Making Special Drawing Rights work for climate action and development

By Members of the Task Force on Climate, Development, and the International Monetary Fund1

The International Monetary Fund (IMF) is proposing a Resilience and Sustainability Trust (RST), aimed at helping countries build resilience, respond to climate change and make the necessary transitions that can support both development and climate. With the proper modalities and regular replenishment, and without onerous conditionalities or increasing member country debt burdens, such a facility would strengthen the climate finance architecture and put the IMF on the climate change map.  

The IMF is considering an RST initially financed through ‘re-channelled’ Special Drawing Rights (SDRs) from the recent $650 billion in SDRs approved by the IMF this summer. The 2021 SDR allocation was the largest in history, but given the structure of SDR allocations the vast majority of SDRs will flow to high-income countries that will not need them. Indeed, just over one percent of the SDR allocation will go to the poorest countries. In recognition of these asymmetries, G7 leaders recently pledged to re-channel upwards of $100 billion of their allocations for “step change” in investments, including clean energy and green growth in low-income countries.

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The IMF’s turn on climate change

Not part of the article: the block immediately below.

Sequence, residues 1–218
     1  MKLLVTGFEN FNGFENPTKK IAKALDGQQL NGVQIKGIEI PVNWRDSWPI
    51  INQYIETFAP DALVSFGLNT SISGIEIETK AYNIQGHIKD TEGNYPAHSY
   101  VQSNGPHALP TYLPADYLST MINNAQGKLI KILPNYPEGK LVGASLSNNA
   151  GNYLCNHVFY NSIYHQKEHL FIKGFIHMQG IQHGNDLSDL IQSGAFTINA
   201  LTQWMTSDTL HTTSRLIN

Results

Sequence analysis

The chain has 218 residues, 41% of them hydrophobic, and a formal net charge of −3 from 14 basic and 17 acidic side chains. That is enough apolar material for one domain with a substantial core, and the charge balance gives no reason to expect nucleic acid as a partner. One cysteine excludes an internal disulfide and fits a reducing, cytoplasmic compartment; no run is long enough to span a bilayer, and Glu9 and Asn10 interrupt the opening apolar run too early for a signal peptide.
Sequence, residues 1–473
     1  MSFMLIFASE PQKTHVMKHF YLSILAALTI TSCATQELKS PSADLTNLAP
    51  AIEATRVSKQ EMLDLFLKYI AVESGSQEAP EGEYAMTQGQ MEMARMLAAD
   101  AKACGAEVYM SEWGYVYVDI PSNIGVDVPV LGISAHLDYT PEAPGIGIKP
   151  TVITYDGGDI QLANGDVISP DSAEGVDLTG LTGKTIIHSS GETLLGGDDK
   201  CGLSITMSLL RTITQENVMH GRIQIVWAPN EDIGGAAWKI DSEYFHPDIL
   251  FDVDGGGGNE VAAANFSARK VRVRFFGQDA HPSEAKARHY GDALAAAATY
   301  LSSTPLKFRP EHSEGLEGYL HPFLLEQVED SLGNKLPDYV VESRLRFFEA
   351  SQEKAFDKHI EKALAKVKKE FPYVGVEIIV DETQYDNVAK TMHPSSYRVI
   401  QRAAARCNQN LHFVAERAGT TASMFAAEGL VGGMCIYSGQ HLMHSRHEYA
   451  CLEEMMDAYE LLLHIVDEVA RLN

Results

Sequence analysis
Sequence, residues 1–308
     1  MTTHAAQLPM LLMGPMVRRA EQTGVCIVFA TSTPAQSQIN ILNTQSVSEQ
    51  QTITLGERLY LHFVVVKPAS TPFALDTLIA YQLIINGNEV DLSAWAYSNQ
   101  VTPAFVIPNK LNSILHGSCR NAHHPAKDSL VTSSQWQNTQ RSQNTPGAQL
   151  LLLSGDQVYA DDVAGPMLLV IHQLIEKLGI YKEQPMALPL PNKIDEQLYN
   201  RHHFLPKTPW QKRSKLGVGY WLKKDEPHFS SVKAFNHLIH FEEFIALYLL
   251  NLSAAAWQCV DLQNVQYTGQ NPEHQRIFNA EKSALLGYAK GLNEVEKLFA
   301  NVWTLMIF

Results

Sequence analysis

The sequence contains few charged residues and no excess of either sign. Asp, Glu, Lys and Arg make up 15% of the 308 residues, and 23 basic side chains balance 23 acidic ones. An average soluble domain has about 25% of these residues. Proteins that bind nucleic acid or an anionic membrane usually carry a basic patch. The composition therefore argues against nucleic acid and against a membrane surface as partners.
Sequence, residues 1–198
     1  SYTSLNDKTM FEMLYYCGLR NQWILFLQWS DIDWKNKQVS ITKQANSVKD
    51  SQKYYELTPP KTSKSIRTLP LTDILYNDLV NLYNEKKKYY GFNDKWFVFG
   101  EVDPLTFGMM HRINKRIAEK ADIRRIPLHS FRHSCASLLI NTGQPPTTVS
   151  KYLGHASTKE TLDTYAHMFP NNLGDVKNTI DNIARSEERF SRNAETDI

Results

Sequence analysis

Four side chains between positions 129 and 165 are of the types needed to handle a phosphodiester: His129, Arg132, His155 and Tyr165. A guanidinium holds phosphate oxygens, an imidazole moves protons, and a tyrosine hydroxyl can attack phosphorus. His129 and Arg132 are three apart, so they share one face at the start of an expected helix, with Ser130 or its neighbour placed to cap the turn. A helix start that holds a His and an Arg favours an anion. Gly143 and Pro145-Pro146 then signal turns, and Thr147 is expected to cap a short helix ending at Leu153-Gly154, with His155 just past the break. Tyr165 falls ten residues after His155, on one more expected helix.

By Kevin P. Gallagher, Professor and Director of the Global Development Policy Centre at Boston University’s Pardee School of Global Studies, and Co-Chair of the ‘Think 20’ Task Force on International Finance to the G20

The International Monetary Fund (IMF) has recently pledged to put climate change at the heart of its work. A laggard to date, the IMF has to catch up fast to ensure that the world community can meet its climate change and development goals in a manner that doesn’t bring havoc to the global financial system. The IMF’s first test on climate change will be the extent to which it incorporates climate risk into this year’s reform of IMF surveillance activities. Given that these reforms will lock in for close to a decade, if the IMF doesn’t act now the consequences for prosperity and the planet will be grave.

Kristalina Georgieva has been a strong advocate of greening the financial system through her new post of Managing Director of the IMF, which she began in the fall of October 2019.  Unfortunately, she took office when the shareholder of the IMF with the most voting power, the United States, was led by a President who claimed climate change was a hoax. In the face of that pressure and to her credit, Georgieva steadfastly advocated for incorporating climate change into IMF operations and for a green recovery from the COVID-19 crisis even though her biggest patron made it difficult to put her words into action.

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